Just like long checkout lines at the commissary on payday, the permanent change of station move is a certainty for service members and their families. While many would prefer to let professionals handle the heavy lifting — on Uncle Sam’s dime, no less — a few rugged individuals like myself choose to tackle this duty themselves, putting those extra PCS bucks in the bank.
For those unfamiliar with the PCS move, here’s how it works. Normally, the travel office sends a moving company to your house at the government’s expense to pack and move all your earthly belongings across the country, delivering them to your new residence safe and sound (if you’re lucky). In a do-it-yourself, or DITY, move, you rent the truck, do the packing, driving and unpacking, take all the responsibility and get paid for your efforts.
This cannot be thought of as a get-rich-quick scheme, however. Yes, there are a few bucks to be made if done correctly. And why not, right? It’s just a U-Haul. Surely you can drive one of those. Maybe you’ll even stop at a few fun places along the way — call it a family vacation. This type of thinking makes an old DITY veteran like me cringe. In reality, the DITY move requires more pre-planning.
It’s been several years since my last DITY move, but the memories still send a chill down my spine. What was I thinking? How could I have been that foolish? How did I survive? These are the thoughts of a much older, wiser and safer man. Here’s my story:
It was shaping up to be a gorgeous summer, and I had 1,780 miles between me and my next assignment. I’d reserved a rental truck, calculated the per diem, estimated seven travel days and packed my tent in the back of the vehicle. On paper, the math looked good. I could clear almost $800 for a week of driving.
What didn’t show up in my calculations were the move’s physical demands before ever pulling away from the curb. Between averaging four hours of sleep a night during the last week of outprocessing, packing up the whole house and loading the truck, I was exhausted. That last night, I stayed up late cleaning so I could clear base housing the next morning. Oh, and there was also the 2 a.m. encounter with the huge rat living in the dumpster enclosure. After a short nap on my friend’s couch, it was finally time to hit the road. The clock was already ticking on my travel days, so there was no time to waste.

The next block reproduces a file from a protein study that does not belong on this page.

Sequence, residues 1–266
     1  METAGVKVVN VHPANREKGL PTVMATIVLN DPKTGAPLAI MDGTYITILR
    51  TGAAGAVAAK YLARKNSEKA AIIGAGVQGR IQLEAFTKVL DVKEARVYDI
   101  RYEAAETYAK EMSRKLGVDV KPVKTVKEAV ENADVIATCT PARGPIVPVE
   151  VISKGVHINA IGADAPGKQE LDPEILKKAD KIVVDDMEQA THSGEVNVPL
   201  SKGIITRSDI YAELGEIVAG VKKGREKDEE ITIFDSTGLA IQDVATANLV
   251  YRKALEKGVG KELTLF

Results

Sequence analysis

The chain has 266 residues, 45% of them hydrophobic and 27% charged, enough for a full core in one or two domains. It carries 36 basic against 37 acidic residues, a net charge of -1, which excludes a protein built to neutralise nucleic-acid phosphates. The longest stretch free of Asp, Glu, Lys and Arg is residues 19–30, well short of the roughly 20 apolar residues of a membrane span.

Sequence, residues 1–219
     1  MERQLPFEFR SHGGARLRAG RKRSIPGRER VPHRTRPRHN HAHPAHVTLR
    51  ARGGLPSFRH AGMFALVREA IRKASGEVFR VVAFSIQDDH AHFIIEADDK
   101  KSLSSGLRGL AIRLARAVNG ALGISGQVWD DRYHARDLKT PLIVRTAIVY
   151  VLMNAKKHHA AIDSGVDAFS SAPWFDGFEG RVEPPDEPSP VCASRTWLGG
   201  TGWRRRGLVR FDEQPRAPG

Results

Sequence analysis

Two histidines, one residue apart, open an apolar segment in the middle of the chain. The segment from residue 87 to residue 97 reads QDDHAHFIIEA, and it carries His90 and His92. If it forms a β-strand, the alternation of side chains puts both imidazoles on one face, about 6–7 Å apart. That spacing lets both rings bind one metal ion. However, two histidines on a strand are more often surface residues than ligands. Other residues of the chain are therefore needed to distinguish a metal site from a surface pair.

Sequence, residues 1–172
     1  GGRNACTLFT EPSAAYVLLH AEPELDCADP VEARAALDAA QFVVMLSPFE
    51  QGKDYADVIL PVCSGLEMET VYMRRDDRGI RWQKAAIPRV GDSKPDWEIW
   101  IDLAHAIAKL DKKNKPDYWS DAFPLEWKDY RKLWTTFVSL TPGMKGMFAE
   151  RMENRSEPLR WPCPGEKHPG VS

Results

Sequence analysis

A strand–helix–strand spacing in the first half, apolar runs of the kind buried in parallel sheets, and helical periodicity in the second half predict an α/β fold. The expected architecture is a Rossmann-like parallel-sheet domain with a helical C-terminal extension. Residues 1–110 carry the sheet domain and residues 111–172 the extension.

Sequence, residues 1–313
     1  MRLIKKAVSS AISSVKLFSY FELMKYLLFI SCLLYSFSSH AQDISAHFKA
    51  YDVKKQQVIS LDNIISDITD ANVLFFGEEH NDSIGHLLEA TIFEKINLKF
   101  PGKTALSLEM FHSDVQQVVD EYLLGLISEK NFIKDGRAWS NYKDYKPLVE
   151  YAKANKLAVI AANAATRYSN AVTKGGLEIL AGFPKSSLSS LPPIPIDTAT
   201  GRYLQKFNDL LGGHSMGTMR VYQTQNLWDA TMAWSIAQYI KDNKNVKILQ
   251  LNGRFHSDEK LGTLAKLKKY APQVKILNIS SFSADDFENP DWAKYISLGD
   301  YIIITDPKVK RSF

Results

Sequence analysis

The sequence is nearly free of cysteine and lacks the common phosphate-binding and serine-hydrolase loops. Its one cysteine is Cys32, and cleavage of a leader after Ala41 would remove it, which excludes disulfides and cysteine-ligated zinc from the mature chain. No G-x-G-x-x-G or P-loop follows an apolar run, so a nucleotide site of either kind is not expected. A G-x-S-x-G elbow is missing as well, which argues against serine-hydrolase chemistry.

Three hours into my drive, I was at 7,000 feet and starting down the first big grade in a mountain range, barely able to keep my eyes open. While I had driven this road a few times before, I’d never done it in a 24,000-pound-gross-vehicle-weight truck loaded to the brim. I’m still not sure how I made it down that hill, but dumb luck prevailed and I was able to reach a campsite by about 9 p.m.
After a fitful night’s sleep, the next day wasn’t much better than the first. A line of thunderstorms made the road impossible to see through the windows. Then I came to a detour that took me off the interstate and onto a small two-lane highway. So instead of passing the Rocky Mountains on the interstate, I was now playing chicken with 18-wheelers that really didn’t belong on that road. That’s the one part of the trip that still makes me shiver.
I could go on and on with the chilling details, but I will spare you (and me) that experience. I eventually made it to my destination on time, clearing about $400 for the trip. But the extra cash didn’t pay for the physical stress or the very real dangers that came with it. While my experience is not unique, nor is it indicative of how every DITY move will go, I hope you glean a little bit of wisdom from it. Ask yourself the following questions when thinking about taking on a DITY move:
• Can I safely drive the moving truck? Can my spouse?
• How long will it take to pack the house?
• Can I get help loading/unloading the truck?
• Do I have enough time to do everything else and a DITY move?
• Where can I get a good night’s sleep before I get on the road?
• Is the extra money worth the added stress during this already taxing time?
If a DITY move is in your future, remember to add a layer of safety to your thought process. Take your time, don’t hurt yourself or others, know your limits and make smart choices for goodness sake. The money you think you’re saving isn’t worth your life.